" Flats/' and scent falls light and
catchy. Slow hunting here becomes
the order of the day, with now and
then a sudden burst along some
grassy bottom. The field, though
much reduced in numbers, is more
than ever keen, and follows close —
too close — upon the hounds.

" Now, Wanderer, my lad, what is
it ? Lame ? " No, worse 1 Ay,
poor old hound, he leaves the line,
with drooping head and stern, and
walks aside, just glancing up, as if to
say, " Don't mind me, old friend, go
on and see it out " ; and he flings
himself, quite helpless, down behind
a bush. A little Kaffir tending cows
close by agrees to nurse him, and, if
he lives, to bring him home ; but
the hunt will never see old Wanderei

again. Dog-sickness always for its
victims seems to take the best.

With sorrow at my heart, I push
along to overtake the bobbing crov;d
in front, and find them checked
beside a stretch of open sand. Here
all scent fails, and George, on foot,
is taking up the spoor, hounds
following in an interested group.
Upon the sand the tracks show
where the fox has stopped to listen
and then has doubled on his trail.
Into the bush once more, and —
Tally-ho ! — he jumps up right before
us. What a screech of men and
hounds ! Old Piet Nielmann rushes
past me, lambasting his fully-blown
horse with a heavy sjambok, till a
sturdy tussock stretches both the
rider and his horse upon the sand.

The crowd go racing on. Over
yonder rise our fox is viewed ; a
minute later we are there, and see
the fun below. He doubles in some
grass, and round the beauties come,
just like a flock of pigeons wheeling
— a crash, a snarl, and they roll him
over in the bottom. Whowhoop I

And while he is broken up in the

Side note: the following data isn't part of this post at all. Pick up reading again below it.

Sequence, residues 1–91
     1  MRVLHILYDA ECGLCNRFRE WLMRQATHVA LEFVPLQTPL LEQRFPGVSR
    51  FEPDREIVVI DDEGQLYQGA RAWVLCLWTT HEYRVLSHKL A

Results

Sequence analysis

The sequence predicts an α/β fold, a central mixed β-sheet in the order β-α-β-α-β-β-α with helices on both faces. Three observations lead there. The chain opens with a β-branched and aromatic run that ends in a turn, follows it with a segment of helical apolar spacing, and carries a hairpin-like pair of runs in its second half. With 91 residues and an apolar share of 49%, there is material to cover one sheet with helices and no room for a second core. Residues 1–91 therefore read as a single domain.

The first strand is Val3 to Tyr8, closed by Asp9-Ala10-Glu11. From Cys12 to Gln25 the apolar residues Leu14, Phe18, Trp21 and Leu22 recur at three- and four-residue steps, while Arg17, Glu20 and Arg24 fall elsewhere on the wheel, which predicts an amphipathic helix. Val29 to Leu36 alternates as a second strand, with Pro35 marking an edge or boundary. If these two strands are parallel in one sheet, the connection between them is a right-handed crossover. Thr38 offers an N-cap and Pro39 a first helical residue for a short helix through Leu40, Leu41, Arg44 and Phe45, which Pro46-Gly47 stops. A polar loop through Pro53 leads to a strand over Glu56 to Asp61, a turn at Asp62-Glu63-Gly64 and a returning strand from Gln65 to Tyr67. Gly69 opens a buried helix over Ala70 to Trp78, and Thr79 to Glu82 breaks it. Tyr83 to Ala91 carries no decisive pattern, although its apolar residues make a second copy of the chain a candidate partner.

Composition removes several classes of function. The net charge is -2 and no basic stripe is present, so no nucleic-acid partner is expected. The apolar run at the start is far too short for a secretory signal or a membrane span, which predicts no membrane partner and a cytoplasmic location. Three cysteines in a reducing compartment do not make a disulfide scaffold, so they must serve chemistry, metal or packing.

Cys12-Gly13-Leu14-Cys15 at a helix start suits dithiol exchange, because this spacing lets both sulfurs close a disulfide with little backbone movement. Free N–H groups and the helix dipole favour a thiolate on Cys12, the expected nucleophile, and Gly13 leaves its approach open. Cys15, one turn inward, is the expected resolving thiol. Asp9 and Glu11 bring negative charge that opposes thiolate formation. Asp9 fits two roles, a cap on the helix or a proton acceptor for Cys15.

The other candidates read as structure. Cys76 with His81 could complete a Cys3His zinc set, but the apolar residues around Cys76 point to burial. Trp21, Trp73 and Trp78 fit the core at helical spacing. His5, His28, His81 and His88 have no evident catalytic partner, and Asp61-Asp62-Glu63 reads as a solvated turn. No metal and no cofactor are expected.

good old way, the knot of panting
men and horses is gradually added
to by stragglers coming up to join
the chatter and the talk about the

Then pipes are lit, and, in the best
of moods, we make our way once
more towards the upland, where the
farm of ^^ Filjee " stands out white
upon the hillside, bare except for
this one group of trees and build-





ings. On drawing near we find a
plain-faced single-storeyed house,
with windows blinded by a formal
row of pollard-trees set close in front.
Upon the stoep or terrace-step, De
Villiers and his frau receive us.
Within the steamy room (whose
windows never open) we find a
plentiful repast laid out, of beef,
black bread, and succotash, backed
by an imposing display of bottles
.. holding "square-face" gin, pontac,
. and van-der-Hum. But little time is
lost in reconnoitring this formidable
array, and our hungry sportsmen
spring to the attack as hounds from
leash. Once at it, they are fixed.
Still, we know the scent which has
favoured us so far may not last all ^^p
day, so, after a welcome snack and a

toast to our sporting entertainer, a
few of us move out to go afield
again. But not so the majority :
with them the lunch is half the
hunt : they feel they've had their
run, and now enjoy its complement.
So as we jog away to covers
higher in the hills, we find our field
reduced to three, and those three
not likely, with their overweighted
mounts, to carry on for long if the
run has any pace. At the cross a
spruit running out of a little bushy
glen, hounds suddenly break and
feather on a trail, and, bustling up
the ravine, they pick up a gradually
improving scent. Forrard ! Forrard !
On to a long swelling down we go,
over the level for a space, and then a
heavy breather up to the top ; those





whose mounts are well shouldered
have the best of it striding down the
further slope. Through a network
of dry watercourses, where the scent
falls light, they hit it off on a grand
level plateau beyond. Then we get
a real good ding-dong gallop that
soon polishes off our little field,
and leaves us three alone to follow
hounds, while praying that we too
may not get left. The line has led
us straight, without a swerve, towards
a conical hill, whose pointed heath-
clad top has often served us for a
landmark ; and hounds are tailing
out a bit on the lower slopes as the
line takes us round its base. Now
Ranger, who is far ahead, swerves
suddenly, then circles round, the
others cast about. A check at last !




the first in thirty minutes. Ranter
has it ! but for a moment only ; he
brings it up a watercourse, and
there's the earth before us in an
overhanging bank.

It should be an easy one to dig,
" had we but weapons handy." And
so they are. Over the next rise
there peeps some trees— the trees of
Swartzkop Farm. George canters
off, and soon is back with pick and
spade. We link our three horses all
together with their reins, and, while